Tharpaling Gonpa

Tharpaling monastery located at 3,600m is composed of a series of buildings overlooking the Chhume valley. A rough road starting from the Gyetsa village on the Trongsa-Jakar highway leads to the monastery in half an hour but it is often cut in summer.

Otherwise Tharpaling can be reached on a 3 hour walk from Gyetsa village or on a 3 hour steep walk from Lamey Gonpa in Choekhor, crossing a pass above Choedrak monastery.

Tharpaling was, it seems, first established by Lorepa (1187–1250), a Drukpa Kagyupa lama from Tibet. The temple that he is said to have founded is a small building, lower than the main complex.

In the 14th century, another temple was founded by Longchen Rabjam, the great philosopher of the Dzogchen, a religious movement of the Nyingmapa school.

Longchen Rabjam (1308–1363) had to flee Tibet and lived in exile in Bumthang for almost ten years. He built several temples there, including Tharpaling built in 1352.

Tharpaling was restored several times but most notably by the First King at the beginning of the twentieth century.

The monastery prospered and was always an active centre for Nyingmapa teachings. In 1985, a monastic school (Jangchub Choeling shedra) was founded above the main complex. There are about 20 cells for monks.

The Eight Chortens commemorating events of the life of the Buddha (Chorten Degye) below the main complex are recent and were consecrated in 2001.

Higher up, a new temple, Dzambala lhakhang, has been built in the early 2000s to house the memorial chorten of the great master Nyoshul Khenpo (1932–1997) by his wife Ani Damchoe.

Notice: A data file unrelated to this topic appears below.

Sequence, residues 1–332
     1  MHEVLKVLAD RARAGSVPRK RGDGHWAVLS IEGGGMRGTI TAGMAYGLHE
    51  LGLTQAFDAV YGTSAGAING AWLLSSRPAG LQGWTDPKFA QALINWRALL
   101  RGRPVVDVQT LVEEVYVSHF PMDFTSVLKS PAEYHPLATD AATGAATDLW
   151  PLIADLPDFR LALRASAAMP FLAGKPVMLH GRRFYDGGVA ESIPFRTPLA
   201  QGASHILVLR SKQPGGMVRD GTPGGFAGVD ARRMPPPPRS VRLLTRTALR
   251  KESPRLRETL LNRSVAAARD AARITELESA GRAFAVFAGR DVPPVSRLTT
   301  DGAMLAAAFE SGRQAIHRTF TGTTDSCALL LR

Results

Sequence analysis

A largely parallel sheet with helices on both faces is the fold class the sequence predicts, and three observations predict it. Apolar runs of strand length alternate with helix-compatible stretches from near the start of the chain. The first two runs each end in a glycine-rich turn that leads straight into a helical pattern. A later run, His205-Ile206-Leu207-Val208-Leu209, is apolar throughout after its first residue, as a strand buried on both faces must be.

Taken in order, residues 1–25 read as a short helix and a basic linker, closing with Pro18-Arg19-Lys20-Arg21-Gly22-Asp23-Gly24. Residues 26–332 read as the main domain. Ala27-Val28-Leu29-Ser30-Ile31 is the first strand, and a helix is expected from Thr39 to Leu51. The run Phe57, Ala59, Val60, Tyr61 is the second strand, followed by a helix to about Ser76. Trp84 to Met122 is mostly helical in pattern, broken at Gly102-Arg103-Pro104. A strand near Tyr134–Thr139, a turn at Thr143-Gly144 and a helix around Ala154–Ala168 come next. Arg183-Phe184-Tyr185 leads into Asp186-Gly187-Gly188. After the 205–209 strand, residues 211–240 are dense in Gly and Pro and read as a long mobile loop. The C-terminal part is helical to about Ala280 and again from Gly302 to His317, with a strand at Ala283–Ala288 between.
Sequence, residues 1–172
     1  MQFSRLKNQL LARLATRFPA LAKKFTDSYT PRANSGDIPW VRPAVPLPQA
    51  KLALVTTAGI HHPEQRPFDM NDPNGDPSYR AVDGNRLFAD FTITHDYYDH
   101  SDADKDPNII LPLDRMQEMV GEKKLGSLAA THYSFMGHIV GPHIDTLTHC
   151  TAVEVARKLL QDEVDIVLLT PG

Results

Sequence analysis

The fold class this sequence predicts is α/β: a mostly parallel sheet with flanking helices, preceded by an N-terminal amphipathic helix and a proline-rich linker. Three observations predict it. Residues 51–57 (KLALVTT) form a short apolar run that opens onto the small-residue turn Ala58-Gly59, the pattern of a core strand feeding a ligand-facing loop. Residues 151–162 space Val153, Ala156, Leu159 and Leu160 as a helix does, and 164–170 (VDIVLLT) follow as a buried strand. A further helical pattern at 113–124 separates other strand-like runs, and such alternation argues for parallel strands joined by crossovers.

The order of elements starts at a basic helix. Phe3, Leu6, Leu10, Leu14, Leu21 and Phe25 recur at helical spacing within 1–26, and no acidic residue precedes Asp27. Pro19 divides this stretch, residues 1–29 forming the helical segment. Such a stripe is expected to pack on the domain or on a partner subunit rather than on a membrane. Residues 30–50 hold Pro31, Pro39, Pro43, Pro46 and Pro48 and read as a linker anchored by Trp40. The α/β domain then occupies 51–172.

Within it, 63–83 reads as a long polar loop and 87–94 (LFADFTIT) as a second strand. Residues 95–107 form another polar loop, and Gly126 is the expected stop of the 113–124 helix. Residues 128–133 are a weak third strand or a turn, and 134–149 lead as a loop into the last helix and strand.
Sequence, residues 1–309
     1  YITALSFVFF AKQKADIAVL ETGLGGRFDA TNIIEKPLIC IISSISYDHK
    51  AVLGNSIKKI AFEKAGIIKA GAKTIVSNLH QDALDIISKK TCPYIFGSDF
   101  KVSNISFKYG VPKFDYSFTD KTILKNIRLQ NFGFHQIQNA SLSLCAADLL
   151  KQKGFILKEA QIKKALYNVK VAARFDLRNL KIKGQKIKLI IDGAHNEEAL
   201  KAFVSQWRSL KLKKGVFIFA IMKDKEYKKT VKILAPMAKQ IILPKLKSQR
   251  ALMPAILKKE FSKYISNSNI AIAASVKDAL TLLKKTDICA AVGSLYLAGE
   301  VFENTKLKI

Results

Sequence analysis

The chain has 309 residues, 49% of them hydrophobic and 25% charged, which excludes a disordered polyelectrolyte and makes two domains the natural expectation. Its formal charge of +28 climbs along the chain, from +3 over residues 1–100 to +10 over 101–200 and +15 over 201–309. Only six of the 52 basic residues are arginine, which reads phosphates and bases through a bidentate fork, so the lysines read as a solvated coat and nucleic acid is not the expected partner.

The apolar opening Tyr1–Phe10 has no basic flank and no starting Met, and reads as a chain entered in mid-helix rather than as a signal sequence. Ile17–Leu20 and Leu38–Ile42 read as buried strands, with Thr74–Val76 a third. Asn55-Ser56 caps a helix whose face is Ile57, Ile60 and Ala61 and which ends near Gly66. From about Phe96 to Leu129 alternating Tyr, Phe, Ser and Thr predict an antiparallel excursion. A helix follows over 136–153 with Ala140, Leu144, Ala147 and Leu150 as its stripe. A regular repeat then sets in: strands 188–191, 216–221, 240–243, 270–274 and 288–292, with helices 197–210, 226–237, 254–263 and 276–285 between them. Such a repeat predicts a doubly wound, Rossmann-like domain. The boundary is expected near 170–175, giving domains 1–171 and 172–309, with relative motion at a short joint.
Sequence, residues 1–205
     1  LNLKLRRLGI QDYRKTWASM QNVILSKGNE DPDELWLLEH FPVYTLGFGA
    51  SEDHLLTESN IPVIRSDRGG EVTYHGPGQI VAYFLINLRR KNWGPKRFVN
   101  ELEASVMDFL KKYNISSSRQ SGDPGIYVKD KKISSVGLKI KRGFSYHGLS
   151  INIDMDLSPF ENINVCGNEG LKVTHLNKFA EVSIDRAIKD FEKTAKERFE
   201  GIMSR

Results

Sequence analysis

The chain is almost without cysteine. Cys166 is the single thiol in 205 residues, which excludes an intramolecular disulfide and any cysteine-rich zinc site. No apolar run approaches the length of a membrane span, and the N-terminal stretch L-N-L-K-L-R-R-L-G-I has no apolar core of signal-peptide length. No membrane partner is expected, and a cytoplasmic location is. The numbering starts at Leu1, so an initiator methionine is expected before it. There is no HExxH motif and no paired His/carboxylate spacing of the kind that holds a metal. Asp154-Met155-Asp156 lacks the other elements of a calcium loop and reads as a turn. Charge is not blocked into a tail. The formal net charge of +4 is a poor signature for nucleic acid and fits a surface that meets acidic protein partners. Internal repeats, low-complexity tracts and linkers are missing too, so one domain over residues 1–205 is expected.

Architectural style / school and related art works
The original small temple contains paintings of Lorepa and of Tsangpa Gyare, the founder of the Drukpa school, and the restoration dates perhaps, from the 19th century.

The Tharpaling main building houses two temples.The temple on the ground floor called the Tshogkhang, is adorned with statues of Longchen Rabjam, Guru Rinpoche, Trisong Detsen, the eighth century Tibetan king who requested Guru to subjugate the deities of Tibet, Shantarikshita (Shiwatso), the Indian monk first invited to build Samye monastery in Tibet, as well as the great 18th century master Jigme Lingpa.

The small temple on the upper floor was restored in the time of the First King, Ugyen Wangchuck. It contains very beautiful paintings of the paradise of Amitabha; also of Longchen Rabjam, Shabdrung Ngawang Namgyal, and Guru Dewa, a rarely-seen form of Guru Rinpoche. The principal statues are those of Samantabhadra, Guru Rinpoche and Longchen Rabjam.

The assembly hall of the monastic school with beautiful paintings of the Sixteeen Arhats and the lineage of Longchen Rabjam, is well worth seeing.

Social cultural function
The monastery is an important religious landmark of Bhutan, a monastic school where an ancient specific monastic tradition is taught, and holds an annual prayer , a monlam, in the first lunar month.

Research team                                               

Lopen Nagwang Jamtsho, Lopen Tashi Tobgay, Lopen Karma Drupchu
Lecturers, Institute of Language and Culture Studies, Royal University of Bhutan, 2009

(Click on the Thumbnails to view the Photo Gallery)